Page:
** I once had someone try this on me when I was working retail, and I was very proud of the fact that I was able to correctly name the con due to a youth (obviously not entirely) misspent reading Jim Thompson. For those of you who are interested: you pay for something small with a twenty dollar bill. You get your change, and as the clerk has just handed it to you, you fish the necessary dollar out of your pocket. With an ingenuous smile, you say, "Oh, wait, I have exact change," and hold out your hand expectantly while handing over the dollar. The clerk, if the con is working, will say, "Oh, right, your twenty," and hand it back to you, at which point you should have gotten into your car and away before he quite catches up. Bingo, nineteen free dollars. Of course, this would have been a much more attractive game in 1963, when nineteen dollars was worth about what $140 is now.

*** Although I would hesitate to compare them in any other way, as they differ in all others. Someday I'll write about Jack Vance. In the meantime, please read any one of his amazing books immediately.

Wednesday, September 26, 2012

Chronicles of Elantra

Today's review is going to be a little odd, in that I neither remember nor care much about any of the series of . . . I don't really remember how many books, that I'm kind of sort of reviewing. Confused yet? Annoyed with me for wasting your time? Enjoying the experience? If yes, yes, and yes, then run right out and buy any one of Michelle Sagara's series of fantasy/romance/word jumble books, the Chronicles of Elantra.* You'll love 'em.

Book one, Cast in Shadow, introduces nineteen year old (ish) Kaylin Neya**, an intrepid magical police force type person with a shadowed past. (See what I just did there?) She lives in a lame, dirty city ruled by people who are also kind of dragons or something, and yet they generally take human form; you can tell they're dragons by the crazy eyes and the fact that they talk even more like cryptic douchebags than everyone else in these books, quite an accomplishment I might add. Then, there are bird people, who are somewhat less messy and squawking than they could be, and some people who are also some kind of cat? Or something?

On the outskirts of this hot mess of a town are the fiefs, basically slums ruled by evil fairies. Or maybe they're demons. Anyway, one of the fairies, Lord Darkface or Nightshade or Doombottom or some such, seems to have a thing for Kaylin, although no one can really tell why, and at some point he leaves a small mark on her cheek to prove his lurve. (I think it was her cheek, could be shoulder. Doesn't really matter.) Then, from out of the deep, dark, foul-smelling depths of Kaylin's childhood comes her old friend Severn, who supposedly murdered two girls who were also their childhood friends, because some kind of magical tattoos appeared on Kaylin's body. Or something? Then they bicker and glare at one another, and it's obvious that he's in love with her. No one cares. She has a friend on the magical cop force who's a giant cat. Again, no one cares.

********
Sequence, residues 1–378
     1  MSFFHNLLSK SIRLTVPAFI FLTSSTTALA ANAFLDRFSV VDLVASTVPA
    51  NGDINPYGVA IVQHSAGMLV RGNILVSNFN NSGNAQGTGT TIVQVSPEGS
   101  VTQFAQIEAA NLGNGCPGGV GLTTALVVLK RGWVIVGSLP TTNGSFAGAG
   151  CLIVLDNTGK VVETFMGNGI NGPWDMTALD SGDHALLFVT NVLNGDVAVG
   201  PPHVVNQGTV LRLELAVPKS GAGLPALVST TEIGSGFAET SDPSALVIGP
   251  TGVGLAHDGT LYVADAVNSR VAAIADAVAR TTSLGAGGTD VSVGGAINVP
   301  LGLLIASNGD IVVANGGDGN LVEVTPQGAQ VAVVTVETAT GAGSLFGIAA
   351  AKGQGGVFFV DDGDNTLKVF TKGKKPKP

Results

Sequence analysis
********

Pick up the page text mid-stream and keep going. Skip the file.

This sort of nonsense continues throughout books two, three, four, and five, at which point I threw in the Magical Towel of Varlon. Various types of mysterious, ancient magic are unleashed, caught, used, exploded, tattooed on people, and wondered at, but never, never are they explained. I'm quite seriously attempting, dear readers, to provide a coherent description of these books, but they just, don't, make, any, sense. The most magical thing about this series is the way Sagara managed to type so many words without any of them stringing together to form meaning. Sentences, yes. Paragraphs, even. But no story.

Here's a sample page to demonstrate what I mean, and guys, I opened a random book from the series to a random page.*** I swear to God:

     "That's why he's trying to die. That's why he's trying to shed his name. It's not for power," she added. "It's not for the freedom from the tyranny of the name. It's for freedom from the man who holds it. Don't you understand? He's lost his name. He's trying to divest himself of it in the only way he can because of the leoswuld. He's doing it because he knows he can't be a vessel for anything if he's . . . undying. Whatever gift the Lord of the High Court gives, he won't give to the Lord of the Green."
     The Lord of the Green looked at her. Only at her.
     But he did not deny the truth of her words.^
     "He can't kill himself," she said quietly. "He doesn't have that much control anymore. I think he tried to make you kill him." She added, "I hold your name." Speaking to the younger brother, holding the gaze of the older.^^
     The Lord of the West March stiffened; she'd almost forgotten Andellen was present. But this was important enough that it almost didn't matter.^^^
     "If you wanted to be free of that, how would you do it?"
     "I would kill you."
     "And that would work?"
     "Yes."
     "You're sure?"
     "Yes."
     "Then find the person who holds his name and kill him."